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DPS Closes Texas Capitol Grounds, Citing 'Armed Protests' Planned By 'Violent Extremists' Ahead Of The Inauguration

Law enforcement personnel can be seen behind the closed gate of the Texas Capitol grounds. A sign on the gate reads, "Police line do not cross.
Julia Reihs
/
KUT
The Texas Department of Public Safety closed the state Capitol grounds and increased security from Saturday through Inauguration Day on Wednesday in response to warnings of armed protests.

Anticipating violence from armed demonstrators, the Texas Department of Public Safety said it will close the state Capitol grounds ahead of Inauguration Day.

The grounds will be closed Saturday through Wednesday.

In an announcement Friday evening, DPS Director Steve McCraw said the agency was acting out of an "abundance of caution" and that it had been made aware of events planned by "violent extremists" ahead of Joe Biden's inauguration Wednesday.

“The Texas Department of Public Safety is aware of armed protests planned at the Texas State Capitol this week and violent extremists who may seek to exploit constitutionally protected events to conduct criminal acts,” McCraw said. “As a result, DPS has deployed additional personnel and resources to the Capitol and are working closely with the Federal Bureau of Investigation and the Austin Police Department to monitor events and enforce the rule of law.”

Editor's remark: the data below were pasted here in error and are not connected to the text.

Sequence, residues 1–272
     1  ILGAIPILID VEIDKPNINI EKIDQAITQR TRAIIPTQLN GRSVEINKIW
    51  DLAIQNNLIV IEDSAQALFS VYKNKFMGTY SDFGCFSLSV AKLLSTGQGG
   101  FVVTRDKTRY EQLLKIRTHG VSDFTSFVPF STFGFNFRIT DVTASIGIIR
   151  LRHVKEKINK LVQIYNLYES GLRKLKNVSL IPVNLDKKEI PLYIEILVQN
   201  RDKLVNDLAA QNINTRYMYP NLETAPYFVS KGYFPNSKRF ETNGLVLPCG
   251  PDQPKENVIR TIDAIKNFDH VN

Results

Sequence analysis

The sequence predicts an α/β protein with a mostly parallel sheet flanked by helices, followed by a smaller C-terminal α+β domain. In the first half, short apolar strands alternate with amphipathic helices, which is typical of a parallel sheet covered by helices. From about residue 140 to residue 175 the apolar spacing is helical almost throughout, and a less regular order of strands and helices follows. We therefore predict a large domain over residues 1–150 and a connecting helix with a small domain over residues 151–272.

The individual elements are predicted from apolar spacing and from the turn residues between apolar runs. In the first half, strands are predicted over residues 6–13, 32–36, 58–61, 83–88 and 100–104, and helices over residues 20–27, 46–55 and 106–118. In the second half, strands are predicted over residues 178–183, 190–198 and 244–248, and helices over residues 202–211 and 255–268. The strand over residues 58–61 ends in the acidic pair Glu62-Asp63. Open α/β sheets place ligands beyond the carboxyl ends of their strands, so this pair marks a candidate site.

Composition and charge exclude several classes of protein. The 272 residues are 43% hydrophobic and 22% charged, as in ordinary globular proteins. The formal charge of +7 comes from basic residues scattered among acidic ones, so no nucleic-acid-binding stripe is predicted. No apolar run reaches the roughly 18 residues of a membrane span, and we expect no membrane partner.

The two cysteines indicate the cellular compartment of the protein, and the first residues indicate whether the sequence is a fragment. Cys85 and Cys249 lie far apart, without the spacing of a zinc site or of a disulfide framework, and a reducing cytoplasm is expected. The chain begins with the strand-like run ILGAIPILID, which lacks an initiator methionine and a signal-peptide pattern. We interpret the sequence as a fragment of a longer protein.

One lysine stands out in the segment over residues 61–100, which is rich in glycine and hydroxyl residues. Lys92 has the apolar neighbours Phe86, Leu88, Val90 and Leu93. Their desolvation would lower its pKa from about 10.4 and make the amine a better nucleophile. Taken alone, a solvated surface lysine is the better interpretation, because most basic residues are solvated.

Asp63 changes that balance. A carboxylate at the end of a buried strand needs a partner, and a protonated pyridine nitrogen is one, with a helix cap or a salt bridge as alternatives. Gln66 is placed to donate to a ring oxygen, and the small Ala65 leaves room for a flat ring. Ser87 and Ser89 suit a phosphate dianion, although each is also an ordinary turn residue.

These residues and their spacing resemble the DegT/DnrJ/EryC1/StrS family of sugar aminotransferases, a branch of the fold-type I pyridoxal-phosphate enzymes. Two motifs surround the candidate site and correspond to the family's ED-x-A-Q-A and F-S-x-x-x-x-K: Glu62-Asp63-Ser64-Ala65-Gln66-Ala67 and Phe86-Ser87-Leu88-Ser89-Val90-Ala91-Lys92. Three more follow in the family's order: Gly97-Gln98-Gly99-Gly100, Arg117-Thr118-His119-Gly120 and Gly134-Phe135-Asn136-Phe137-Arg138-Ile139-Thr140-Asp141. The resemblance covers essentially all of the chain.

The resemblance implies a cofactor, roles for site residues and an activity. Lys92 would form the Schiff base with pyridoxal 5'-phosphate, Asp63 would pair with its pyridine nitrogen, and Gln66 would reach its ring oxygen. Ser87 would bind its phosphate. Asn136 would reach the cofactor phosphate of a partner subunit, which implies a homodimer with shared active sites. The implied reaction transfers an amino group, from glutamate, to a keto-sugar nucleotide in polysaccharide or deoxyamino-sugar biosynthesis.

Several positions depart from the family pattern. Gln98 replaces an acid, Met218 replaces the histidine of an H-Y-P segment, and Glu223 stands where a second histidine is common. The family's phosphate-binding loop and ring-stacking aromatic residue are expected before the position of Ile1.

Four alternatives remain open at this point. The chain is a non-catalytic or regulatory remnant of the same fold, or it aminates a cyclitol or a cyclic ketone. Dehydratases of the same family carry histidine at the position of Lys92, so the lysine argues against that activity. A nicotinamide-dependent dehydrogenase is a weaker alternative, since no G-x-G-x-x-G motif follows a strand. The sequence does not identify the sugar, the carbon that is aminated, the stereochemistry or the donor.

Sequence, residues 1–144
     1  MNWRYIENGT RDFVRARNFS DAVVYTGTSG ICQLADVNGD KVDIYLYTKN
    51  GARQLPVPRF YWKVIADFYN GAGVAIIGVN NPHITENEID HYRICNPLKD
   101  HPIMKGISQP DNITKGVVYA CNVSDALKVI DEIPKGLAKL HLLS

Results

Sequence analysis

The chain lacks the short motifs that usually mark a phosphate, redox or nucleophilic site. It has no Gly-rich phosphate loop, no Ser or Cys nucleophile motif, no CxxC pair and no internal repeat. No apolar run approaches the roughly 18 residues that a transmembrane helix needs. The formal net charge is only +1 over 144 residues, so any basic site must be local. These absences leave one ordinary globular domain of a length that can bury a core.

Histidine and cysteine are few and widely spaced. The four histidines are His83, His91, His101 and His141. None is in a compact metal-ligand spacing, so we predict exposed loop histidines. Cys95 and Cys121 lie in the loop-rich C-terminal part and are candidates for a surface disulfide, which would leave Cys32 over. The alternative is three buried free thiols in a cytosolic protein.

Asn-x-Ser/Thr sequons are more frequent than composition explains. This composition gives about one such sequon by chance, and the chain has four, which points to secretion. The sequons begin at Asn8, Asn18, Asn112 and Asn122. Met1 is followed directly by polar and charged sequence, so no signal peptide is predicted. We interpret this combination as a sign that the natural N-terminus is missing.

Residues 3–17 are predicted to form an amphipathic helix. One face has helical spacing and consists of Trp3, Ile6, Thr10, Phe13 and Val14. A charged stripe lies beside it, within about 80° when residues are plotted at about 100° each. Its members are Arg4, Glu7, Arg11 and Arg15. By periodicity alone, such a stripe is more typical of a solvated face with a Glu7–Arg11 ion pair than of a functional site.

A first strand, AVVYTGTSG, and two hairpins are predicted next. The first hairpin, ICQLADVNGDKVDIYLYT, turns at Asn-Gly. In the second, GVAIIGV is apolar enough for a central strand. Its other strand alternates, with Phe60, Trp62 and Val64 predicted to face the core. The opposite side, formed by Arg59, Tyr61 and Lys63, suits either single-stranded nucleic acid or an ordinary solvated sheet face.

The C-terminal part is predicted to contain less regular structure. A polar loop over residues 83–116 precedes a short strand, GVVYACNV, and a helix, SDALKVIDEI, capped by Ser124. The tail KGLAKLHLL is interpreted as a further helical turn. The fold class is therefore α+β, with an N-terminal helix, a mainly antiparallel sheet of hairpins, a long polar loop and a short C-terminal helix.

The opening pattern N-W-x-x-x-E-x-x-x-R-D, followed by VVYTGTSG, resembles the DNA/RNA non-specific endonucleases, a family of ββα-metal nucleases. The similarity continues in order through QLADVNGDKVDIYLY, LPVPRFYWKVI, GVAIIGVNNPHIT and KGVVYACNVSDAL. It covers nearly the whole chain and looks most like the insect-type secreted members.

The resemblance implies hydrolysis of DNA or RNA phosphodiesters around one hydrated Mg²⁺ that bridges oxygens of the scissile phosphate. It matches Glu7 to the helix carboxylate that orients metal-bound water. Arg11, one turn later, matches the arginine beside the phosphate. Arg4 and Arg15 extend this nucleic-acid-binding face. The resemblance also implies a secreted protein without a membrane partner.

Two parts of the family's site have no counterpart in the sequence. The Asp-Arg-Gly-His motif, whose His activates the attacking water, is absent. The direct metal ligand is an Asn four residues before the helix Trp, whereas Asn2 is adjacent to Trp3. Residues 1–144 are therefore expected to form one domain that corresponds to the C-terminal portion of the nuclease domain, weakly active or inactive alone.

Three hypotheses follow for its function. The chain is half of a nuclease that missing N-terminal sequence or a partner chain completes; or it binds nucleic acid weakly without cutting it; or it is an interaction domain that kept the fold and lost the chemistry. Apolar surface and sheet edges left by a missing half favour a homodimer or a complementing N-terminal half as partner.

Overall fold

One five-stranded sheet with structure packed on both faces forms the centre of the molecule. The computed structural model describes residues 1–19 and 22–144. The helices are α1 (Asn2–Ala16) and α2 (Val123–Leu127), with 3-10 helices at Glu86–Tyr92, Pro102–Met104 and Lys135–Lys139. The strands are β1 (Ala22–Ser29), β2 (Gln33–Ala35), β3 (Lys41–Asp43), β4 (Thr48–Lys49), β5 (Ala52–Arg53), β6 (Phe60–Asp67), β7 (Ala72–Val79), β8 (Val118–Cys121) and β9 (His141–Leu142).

In a bulletin to law enforcement this week, the FBI said it expects gatherings of armed demonstrators at all 50 state capitols ahead of Inauguration Day.

A law enforcement officer stands watch on the Capitol grounds Saturday after reports of planned events by violent extremists at state capitols across the U.S.
Michael Minasi
A law enforcement officer stands watch on the Capitol grounds Saturday after reports of planned events by violent extremists at state capitols across the U.S.

Austin Mayor Steve Adler tweeted shortly before DPS announcement that his office "was aware of upcoming gatherings" at the Capitol.

The Austin Police Department told KUT on Friday it had seen unconfirmed reports of "militia or extremist" groups assembling at the state Capitol, and that it would be on alert over the next week.

"APD said it was not aware of any credible threats to the public, but maintains a heightened security posture," a spokesperson said.

Earlier this week, U.S. Attorney for the Western District of Texas Gregg Sofer warned his office would pursue federal charges against Capitol demonstrators who "threaten to harm others, commit acts of violence, destroy property or attack law enforcement."

This is a developing story.

Got a tip? Email Andrew Weber at aweber@kut.org. Follow him on Twitter @England_Weber.

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